Ocean Grown Abalone

My electorate in the South West of Western Australia is amazingly rich and diverse and produces some of Australia and the world’s best-quality food. This includes sustainable aquaculture. A great example of this is the juvenile abalone, which is being grown at the world’s first commercial abalone ranch, in Flinders Bay off Augusta, by Ocean Grown Abalone. Brad Adams and the team at Ocean Grown Abalone have brought a new vibrancy to Augusta. It is a town of just 1,382 people.

Brad grew up in Augusta, is a third-generation fishermen and is typical of the ingenuity shown by so many small business people. Brad had a great idea. He spent 20 years researching, developing and inventing a new technique to grow juvenile abalone on his artificial reefs, known as ‘abitats’. It’s a self-sustaining model. A professor of marine ecology and conservation at Murdoch University said the abalone are grown under very environmentally friendly practices with low, if any, negative impact on the environment, and the operation appears as though it should be very sustainable and, in fact, have a positive benefit for some species of fish, invertebrates and algae. Some of those species are King George whiting, dhufish and rock lobsters.

I’ve been out with Brad on his boat. His reefs are located in a unique area of Flinders Bay. This is where the two oceans meet—the Indian Ocean and the Southern Ocean. It’s an environment that optimises the growth and survival of the abalone: abundant natural feed, protection from large swells, suitable water temperatures and pristine oceanic water. The result is a top-quality delicacy sold in markets in Asia and Australia and meeting growing demand. Like so many small businesses, it started with Brad having the courage to invest his own money. He took a risk. He employed local people. He found the right markets and is providing top-quality abalone into those markets.

It takes time to mature the abalone. It’s a 3-year process to ensure they are plump and juicy and ready for the market. Efficiency is the key at harvest time, with the abalone flash frozen and transported to dining tables both here and overseas. Visitors to Leeuwin Estate will actually try Augusta greenlip abalone on the menu, and this has been a hit with diners. Ocean Grown Abalone hopes to grow its operation and eventually harvest around 100 tonnes of abalone from Flinders Bay. It’s a substantial part of the global supply coming from Augusta in the south-west of Western Australia.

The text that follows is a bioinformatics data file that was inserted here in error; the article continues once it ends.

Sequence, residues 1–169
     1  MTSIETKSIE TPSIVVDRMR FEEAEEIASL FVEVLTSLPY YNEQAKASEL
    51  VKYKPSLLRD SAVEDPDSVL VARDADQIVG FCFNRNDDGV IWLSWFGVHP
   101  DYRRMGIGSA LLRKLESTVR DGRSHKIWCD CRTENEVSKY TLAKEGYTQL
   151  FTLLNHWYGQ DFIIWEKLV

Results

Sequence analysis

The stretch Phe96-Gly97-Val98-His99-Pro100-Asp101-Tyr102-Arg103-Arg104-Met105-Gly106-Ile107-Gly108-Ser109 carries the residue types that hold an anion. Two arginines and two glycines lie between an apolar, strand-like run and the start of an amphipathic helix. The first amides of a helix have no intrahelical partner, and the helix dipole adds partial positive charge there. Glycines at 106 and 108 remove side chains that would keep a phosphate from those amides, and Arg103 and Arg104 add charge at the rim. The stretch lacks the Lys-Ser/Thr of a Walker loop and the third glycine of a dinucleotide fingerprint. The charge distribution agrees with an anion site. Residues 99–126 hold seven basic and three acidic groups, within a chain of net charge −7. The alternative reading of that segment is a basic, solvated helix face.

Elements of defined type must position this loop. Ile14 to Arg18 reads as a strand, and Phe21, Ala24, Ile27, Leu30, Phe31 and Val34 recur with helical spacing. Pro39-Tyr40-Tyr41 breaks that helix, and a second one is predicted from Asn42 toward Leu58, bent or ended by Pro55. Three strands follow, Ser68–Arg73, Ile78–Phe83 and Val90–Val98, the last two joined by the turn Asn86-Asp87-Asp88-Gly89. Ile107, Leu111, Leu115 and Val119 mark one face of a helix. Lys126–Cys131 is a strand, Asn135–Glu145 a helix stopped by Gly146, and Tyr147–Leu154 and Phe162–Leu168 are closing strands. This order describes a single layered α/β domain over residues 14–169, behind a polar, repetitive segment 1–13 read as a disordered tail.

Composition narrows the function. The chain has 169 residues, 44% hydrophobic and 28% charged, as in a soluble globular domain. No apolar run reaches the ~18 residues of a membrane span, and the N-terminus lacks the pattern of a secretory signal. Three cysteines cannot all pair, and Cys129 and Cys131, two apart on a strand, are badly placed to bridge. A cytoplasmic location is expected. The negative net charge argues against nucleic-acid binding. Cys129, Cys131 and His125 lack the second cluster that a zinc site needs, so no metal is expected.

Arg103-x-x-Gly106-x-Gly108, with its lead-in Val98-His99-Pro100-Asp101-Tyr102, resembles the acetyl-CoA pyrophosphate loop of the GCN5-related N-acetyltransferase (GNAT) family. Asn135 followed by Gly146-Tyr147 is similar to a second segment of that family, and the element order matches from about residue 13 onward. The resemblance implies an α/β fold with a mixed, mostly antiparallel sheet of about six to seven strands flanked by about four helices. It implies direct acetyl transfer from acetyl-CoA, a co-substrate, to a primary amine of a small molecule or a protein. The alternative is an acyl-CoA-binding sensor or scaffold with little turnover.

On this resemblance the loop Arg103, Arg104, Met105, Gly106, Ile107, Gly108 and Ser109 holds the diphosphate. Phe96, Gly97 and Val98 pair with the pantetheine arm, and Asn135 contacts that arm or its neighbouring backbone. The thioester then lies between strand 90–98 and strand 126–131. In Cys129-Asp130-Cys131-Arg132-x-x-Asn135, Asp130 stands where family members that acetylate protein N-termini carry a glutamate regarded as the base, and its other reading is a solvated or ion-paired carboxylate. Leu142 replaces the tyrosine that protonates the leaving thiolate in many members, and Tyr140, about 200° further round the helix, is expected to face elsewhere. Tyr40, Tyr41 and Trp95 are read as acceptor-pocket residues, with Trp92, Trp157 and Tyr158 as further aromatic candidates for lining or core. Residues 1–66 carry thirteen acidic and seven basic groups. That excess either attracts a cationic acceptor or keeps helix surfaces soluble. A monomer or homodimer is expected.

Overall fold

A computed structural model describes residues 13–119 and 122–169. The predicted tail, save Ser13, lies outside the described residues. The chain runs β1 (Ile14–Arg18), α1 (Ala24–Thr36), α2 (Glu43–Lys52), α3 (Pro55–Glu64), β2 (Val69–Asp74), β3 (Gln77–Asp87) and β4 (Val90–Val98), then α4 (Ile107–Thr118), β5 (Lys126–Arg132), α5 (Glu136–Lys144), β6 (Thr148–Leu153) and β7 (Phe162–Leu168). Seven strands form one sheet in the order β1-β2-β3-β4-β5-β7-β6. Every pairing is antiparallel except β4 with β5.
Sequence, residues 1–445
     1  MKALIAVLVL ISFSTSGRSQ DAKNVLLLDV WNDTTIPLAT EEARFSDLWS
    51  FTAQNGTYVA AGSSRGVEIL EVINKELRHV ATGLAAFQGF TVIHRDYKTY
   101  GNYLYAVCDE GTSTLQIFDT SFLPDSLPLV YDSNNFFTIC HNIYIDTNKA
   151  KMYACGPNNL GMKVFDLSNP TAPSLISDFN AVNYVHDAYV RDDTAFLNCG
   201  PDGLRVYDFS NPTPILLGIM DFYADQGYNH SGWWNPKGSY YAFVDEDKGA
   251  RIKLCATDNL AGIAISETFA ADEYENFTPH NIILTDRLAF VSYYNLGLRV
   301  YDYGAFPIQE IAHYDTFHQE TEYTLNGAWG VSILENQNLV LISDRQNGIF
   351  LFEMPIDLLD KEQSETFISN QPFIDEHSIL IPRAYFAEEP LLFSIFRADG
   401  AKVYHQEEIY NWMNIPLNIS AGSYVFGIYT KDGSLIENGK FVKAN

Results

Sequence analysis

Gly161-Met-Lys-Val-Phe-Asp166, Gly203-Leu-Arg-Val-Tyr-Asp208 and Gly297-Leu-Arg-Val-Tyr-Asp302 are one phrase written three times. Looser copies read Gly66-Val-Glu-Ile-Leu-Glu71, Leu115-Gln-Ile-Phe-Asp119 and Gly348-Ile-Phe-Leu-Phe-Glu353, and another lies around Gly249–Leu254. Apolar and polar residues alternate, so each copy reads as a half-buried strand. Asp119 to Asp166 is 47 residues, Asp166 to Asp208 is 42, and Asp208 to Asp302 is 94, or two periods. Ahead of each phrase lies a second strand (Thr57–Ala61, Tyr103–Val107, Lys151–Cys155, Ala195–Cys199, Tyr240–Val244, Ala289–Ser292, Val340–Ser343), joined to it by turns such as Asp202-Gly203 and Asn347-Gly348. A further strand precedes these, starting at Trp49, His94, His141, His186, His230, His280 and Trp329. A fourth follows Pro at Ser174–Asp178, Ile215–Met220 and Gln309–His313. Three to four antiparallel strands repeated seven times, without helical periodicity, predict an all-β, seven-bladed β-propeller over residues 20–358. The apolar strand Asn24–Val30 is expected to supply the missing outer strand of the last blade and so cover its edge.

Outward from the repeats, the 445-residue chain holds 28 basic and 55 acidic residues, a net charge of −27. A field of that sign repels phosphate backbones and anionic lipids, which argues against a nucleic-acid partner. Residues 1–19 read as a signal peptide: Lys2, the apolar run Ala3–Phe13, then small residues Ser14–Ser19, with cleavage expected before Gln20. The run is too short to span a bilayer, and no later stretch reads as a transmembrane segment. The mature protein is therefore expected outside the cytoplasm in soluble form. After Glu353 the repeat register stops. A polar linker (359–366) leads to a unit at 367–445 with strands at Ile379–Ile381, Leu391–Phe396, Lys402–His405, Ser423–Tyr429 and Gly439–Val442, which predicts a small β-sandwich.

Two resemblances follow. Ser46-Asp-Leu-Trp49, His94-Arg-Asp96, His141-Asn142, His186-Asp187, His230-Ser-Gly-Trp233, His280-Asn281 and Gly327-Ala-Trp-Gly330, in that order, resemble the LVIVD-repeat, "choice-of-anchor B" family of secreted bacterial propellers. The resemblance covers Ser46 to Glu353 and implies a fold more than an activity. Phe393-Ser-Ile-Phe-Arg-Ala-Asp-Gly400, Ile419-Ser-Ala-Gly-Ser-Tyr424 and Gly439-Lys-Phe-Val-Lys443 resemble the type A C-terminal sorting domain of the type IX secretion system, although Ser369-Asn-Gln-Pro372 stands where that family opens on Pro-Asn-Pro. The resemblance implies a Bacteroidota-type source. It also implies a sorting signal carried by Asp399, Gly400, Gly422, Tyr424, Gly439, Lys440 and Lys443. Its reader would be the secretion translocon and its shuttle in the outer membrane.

The business is just one of a number of exporting businesses in our region that will benefit from our funding to the upgrade of the Busselton-Margaret River regional airport. The Turnbull government, along with the previous Liberal-led government and the city of Busselton, invested almost $60 million to upgrade the airport to handle freight, domestic and international flights. This will mean that the amazing food, wine and produce in the south-west can be enjoyed right around the world. When people try out top-quality products, I encourage them to come and visit our south-west to see how well we do it and sample some more of the amazing produce and experiences we have to offer.

Brad Adams and has team have worked hard for this opportunity like so many small-to-medium businesses. Our free trade agreements will provide the market access and conditions that so many of those businesses need to compete in a global market. I am very proud of the region I represent, particularly our primary producers: those who farm beef, dairy and lamb; our fishermen; those in our horticulture and viticulture sector; and the forestry sector. The upgrade to the airport will be connecting the south-west to the rest of the world, and this is a very exciting prospect.

I really congratulate Brad Adams and his team at Ocean Grown Abalone. I want to see and encourage everyone not only to come to our south-west but to take advantage of some of the fabulous produce like baby abalone. They’re quite small. They’re an incredible product. When you go out with Brad on his boat and see how well they do it, I’m exceptionally proud of them. And I’m proud of the fact that Brad took a risk and invested his own money. He is employing people and creating a new industry in a small community. That is something our small business people do very well. Brad, good on you. Congratulations to you and your team for what you are doing at Augusta. This is world leading, right in our part of the world.